Welcome to our Cicada Song issue. One of my vivid childhood memories was one summer when the seventeen year cicadas emerged. They seemed to be everywhere, and for a few weeks every child in the neighborhood became an insect collector. "Locust" was what we called them at the time but actually, they are Magicicada (periodical cicadas). I've learned that this was the Great Eastern Brood (Brood X), the largest and most widely distributed population in the Northeastern United States. For this issue Haiga Challenge, I'd announced that the theme would be "songs from the old neighborhood," intended as an exploration of music and memory. So when time came to pick a title for the issue itself, "cicada" as a summer kigo just seemed to fit.

We hope you find this issue to be interesting, informative, and inspirational. Many thanks to everyone who contributed, especially to our resident staff, Mary, Hiromi, Shisen, Choshi and Jasminka for their signature work on the Traditional Haiga section. This issue's Traditional Haiga section honors California poet and teacher Jerry Ball. We also have haiga portfolios by Emily Romano and Jerry Dreesen, and as we've already said, our Song Challenge in the Contemporary Haiga section. In addition, we're introducing a new section, an invitational Editor's Choice section. Our inaugural guest editor is Carol Raisfeld, who with Ray Rasmussen's invaluable help has selected a stunning collection of collaborative photo haiga. And, finally, in the Haiga Workshop, we have the second installment of HAI+GA, Linda's ongoing project to learn more about linking in haiga.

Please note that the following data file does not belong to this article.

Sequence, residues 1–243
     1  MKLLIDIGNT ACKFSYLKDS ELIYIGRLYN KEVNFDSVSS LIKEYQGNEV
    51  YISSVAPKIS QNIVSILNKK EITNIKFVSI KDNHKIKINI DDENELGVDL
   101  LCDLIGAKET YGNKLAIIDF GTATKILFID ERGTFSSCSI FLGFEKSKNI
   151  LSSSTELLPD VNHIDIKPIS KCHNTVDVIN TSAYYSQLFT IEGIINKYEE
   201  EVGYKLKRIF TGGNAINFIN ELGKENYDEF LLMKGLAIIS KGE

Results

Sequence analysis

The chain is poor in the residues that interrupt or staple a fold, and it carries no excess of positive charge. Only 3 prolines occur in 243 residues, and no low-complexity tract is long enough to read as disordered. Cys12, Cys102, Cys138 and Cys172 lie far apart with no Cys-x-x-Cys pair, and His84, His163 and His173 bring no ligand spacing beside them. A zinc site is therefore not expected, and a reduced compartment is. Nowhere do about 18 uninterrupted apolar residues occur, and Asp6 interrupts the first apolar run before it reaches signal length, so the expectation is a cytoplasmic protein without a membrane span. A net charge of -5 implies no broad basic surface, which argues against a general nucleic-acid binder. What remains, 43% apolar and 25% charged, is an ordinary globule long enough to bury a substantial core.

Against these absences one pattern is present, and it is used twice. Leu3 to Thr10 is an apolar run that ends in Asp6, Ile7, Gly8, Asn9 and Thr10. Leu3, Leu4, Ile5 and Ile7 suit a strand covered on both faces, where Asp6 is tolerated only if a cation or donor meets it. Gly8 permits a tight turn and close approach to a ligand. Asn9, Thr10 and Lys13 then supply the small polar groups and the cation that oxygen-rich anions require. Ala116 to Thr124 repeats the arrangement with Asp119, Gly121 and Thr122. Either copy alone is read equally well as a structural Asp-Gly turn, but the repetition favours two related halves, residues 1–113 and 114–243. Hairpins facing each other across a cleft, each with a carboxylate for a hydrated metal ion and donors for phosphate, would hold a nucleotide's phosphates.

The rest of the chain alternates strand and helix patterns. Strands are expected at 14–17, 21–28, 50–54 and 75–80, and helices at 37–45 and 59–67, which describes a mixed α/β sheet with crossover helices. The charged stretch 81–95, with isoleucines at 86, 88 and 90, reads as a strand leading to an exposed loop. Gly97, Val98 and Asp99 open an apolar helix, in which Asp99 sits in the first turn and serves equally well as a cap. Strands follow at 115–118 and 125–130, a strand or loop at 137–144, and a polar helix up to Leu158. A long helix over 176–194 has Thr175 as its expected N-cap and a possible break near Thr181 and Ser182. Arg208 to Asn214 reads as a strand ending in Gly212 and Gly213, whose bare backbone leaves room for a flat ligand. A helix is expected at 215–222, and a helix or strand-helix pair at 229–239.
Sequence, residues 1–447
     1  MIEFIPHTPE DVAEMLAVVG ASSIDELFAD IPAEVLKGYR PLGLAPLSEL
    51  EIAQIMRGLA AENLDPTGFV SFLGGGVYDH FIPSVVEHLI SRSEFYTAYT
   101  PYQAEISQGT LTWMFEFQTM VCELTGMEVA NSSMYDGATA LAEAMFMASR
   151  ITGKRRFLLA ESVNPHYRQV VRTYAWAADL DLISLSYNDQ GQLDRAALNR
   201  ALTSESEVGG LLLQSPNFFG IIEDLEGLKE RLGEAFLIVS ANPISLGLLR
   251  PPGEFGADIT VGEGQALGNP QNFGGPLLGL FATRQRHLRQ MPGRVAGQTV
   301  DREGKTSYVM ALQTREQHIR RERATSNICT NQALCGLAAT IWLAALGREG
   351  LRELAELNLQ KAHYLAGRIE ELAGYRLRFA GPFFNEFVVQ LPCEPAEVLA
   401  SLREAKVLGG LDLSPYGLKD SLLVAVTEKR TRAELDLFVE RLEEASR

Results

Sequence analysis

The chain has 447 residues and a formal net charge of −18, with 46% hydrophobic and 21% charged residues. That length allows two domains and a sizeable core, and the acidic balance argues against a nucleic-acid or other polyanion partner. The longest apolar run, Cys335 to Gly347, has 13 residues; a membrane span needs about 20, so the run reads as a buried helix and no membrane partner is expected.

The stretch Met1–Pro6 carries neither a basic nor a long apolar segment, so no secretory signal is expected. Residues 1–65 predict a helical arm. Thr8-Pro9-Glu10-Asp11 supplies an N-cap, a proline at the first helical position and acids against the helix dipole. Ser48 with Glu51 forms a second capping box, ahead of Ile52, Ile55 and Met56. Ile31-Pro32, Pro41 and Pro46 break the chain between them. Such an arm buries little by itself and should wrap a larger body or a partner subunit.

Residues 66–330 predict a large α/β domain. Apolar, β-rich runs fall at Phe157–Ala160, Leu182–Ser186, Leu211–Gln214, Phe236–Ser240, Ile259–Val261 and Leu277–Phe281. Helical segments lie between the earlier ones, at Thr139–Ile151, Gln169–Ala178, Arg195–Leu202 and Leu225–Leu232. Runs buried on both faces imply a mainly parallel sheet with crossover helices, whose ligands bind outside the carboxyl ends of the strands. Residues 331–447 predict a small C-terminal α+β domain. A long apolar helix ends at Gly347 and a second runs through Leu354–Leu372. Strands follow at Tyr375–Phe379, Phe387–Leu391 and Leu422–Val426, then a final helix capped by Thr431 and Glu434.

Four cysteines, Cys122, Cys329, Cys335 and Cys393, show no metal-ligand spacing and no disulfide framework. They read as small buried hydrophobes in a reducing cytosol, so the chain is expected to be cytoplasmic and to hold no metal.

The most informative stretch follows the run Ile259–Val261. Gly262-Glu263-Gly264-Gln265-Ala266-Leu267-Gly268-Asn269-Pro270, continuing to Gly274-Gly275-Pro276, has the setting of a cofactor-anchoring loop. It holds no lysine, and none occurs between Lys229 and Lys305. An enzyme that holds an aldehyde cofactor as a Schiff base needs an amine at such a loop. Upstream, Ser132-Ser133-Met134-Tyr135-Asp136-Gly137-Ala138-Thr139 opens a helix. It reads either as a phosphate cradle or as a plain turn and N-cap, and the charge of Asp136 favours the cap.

I myself no longer live where there are periodical cicadas, but I've just read an exchange on our FaceBook haiku community that Brood XIX of the thirteen year cicadas has emerged. Have a song-filled summer!

Linda Papanicolaou